Flowers and fashion in Chicago
Each summer Chicago's Magnificent Mile bursts into bloom.
Not only will you gaze at great flower gardens, but the annual ComEd Gardens of the Magnificient Mile – dozens of small gardens funded by the high-end hotels, restaurants, and retailers along north Michigan Avenue – have some zany green inhabitants.
For the second year, students from the International Academy of Design and Technology and the Illinois Institute of Art - Chicago have been given dress forms and asked to adorn them creatively in recycled materials.
These could be anything from old chicken wire to a hat like one Queen Elizabeth might have worn in the mid-1950s. Think of it as a green take on the traditional department-store mannequin.
These creations are then placed in individual gardens. And they'll be auctioned off, with the funds going to the Magnificent Mile Charitable Foundation.
I was intrigued as I read the list of gardens and what plants the plots will contain. Experienced gardeners will get a chuckle from some of the plant descriptions – hibiscus trees, cherry wavy petunias, etc. – which were obviously compiled by nongardeners (and probably over the phone since many have phonetic spellings). But that's OK – lots of us don't speak Latin fluently.
It sounds like typecasting, but the Apple Computer store will host a Zen garden, which “gives a tropical feel of calm serenity.”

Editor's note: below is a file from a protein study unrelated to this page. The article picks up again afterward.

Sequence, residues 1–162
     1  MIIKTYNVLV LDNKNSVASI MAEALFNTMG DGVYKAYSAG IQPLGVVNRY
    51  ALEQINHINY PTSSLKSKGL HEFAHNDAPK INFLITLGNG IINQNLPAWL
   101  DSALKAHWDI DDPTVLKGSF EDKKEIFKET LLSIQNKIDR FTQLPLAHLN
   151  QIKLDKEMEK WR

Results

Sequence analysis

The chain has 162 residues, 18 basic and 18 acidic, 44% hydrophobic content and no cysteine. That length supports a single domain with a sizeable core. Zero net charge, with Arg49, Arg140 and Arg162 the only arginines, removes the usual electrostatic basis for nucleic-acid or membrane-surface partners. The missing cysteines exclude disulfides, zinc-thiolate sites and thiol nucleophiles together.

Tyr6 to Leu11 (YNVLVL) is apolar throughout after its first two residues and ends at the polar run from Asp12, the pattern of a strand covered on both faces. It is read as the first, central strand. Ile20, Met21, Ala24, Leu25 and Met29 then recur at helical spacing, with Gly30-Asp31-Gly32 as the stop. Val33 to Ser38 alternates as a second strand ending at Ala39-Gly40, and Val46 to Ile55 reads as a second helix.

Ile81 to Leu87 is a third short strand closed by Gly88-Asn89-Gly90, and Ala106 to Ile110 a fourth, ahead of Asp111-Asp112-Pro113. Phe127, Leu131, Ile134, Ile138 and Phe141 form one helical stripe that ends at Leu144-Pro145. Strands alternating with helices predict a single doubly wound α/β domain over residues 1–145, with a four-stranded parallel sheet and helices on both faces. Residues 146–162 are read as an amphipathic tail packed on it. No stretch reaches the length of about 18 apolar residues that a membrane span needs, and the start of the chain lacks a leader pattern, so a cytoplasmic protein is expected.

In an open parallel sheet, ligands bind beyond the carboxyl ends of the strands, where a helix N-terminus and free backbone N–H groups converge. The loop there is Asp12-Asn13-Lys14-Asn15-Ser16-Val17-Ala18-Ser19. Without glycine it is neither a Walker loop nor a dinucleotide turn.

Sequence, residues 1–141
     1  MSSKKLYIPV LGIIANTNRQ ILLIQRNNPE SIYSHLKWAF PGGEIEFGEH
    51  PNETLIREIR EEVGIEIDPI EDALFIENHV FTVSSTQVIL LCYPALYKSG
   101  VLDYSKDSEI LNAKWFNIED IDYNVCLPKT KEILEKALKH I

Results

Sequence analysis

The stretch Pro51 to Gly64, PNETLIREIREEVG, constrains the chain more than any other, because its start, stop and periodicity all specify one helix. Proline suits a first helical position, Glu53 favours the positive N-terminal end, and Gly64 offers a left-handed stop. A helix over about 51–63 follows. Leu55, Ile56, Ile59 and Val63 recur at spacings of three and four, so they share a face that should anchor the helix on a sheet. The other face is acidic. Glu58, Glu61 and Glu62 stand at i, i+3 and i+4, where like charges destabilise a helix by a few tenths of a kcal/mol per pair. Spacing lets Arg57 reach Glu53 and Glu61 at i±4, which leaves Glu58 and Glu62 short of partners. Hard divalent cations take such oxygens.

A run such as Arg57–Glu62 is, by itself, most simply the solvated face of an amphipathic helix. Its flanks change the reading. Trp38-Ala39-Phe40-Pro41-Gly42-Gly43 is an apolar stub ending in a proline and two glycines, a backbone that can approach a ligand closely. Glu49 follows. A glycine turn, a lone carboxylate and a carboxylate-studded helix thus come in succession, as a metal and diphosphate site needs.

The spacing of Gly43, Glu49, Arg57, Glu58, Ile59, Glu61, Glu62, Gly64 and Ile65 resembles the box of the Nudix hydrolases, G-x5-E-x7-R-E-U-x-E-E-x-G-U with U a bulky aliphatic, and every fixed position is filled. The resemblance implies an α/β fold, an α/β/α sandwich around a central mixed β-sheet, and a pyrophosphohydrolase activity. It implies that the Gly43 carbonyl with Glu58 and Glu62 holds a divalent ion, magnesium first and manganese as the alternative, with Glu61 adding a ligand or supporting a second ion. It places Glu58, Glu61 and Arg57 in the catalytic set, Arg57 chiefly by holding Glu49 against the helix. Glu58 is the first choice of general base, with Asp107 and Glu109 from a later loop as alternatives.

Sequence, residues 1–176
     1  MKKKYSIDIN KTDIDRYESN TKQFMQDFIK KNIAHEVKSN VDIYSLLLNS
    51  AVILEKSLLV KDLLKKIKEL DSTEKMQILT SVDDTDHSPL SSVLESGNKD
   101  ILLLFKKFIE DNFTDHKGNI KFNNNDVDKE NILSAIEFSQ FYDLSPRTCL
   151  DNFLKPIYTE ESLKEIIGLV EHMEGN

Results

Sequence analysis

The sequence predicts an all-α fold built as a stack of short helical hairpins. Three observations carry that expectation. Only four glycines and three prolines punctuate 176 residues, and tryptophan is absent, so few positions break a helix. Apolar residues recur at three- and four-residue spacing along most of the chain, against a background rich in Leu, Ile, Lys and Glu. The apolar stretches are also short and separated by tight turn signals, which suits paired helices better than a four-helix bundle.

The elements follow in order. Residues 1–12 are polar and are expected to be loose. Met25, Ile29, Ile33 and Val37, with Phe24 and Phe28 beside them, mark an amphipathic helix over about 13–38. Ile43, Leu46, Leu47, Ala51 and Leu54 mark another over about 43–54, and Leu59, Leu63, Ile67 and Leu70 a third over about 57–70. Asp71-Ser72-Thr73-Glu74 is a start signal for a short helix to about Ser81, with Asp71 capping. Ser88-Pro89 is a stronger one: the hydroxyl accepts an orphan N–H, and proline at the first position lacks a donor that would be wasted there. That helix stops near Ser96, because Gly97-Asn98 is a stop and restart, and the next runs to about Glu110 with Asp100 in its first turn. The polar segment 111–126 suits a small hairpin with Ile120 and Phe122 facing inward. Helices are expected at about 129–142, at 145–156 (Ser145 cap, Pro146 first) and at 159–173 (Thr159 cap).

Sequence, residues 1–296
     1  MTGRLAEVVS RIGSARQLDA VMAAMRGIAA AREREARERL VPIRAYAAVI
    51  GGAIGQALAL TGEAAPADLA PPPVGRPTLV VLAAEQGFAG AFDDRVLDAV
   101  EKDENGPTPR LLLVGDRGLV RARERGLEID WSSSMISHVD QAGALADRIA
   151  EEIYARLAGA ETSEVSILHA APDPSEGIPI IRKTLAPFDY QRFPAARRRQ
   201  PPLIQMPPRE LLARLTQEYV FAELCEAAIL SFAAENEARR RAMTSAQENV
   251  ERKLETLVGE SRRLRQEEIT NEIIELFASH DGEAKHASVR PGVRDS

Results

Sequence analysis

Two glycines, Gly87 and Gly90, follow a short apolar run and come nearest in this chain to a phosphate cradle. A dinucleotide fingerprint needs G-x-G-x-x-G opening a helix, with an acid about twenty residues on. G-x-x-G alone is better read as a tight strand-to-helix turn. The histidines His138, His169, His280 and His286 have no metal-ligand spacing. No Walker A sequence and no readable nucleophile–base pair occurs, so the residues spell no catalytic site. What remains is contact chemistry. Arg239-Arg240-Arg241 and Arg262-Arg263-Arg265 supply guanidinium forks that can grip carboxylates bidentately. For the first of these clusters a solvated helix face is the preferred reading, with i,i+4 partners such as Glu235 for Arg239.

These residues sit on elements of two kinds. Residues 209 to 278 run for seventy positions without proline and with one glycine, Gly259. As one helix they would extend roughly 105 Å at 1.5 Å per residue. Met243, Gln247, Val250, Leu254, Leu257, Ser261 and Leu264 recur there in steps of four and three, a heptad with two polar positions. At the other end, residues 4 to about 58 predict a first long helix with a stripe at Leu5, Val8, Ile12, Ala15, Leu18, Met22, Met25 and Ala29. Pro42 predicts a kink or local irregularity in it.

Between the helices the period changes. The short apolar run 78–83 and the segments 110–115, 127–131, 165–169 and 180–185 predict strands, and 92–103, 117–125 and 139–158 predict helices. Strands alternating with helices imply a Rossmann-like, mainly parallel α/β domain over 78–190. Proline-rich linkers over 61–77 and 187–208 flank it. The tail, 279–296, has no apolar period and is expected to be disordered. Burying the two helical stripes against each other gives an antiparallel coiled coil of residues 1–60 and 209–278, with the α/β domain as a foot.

U.S. Equities Realty, at 840 N. Michican Ave., calls its garden Tropical Typhoon. Expect “a fiery vortex of Iresine [that] leads into a tropical paradise of reds, oranges, & purples parted by an electrifying lime Coleus.”
(Whoever wrote that description could have a great future in the gardening industry. If I read it on the cover of a gardening magazine. I wouldn't be able to resist buying a copy.)
The Westin Chicago River North calls its garden Simply Chic, noting that "the garden's modern clean look is created by using a combination of three plants. The backdrop is a Cordyline terminalis 'Kiwi' that has a variegated leaves of green, yellow, and chartruese pink. A blue 'Artichoke' Agave serves as the accent plant in the bed of 'Purple Heart' Tradescantia."
It does sound simple and appealing.
If you plan to visit Chicago this summer, you can download a map of the gardens.
Many cities plan summer promotions – to attract visitors, to keep tourists in shopping areas longer, and as just plain fun for residents. I like Chicago's gardens – and their recycled fashion – better than the painted cows, fish, and other critters that have been populating cities the past few summers.
It’s always good to add some greenery to the ordinary shopping scenery.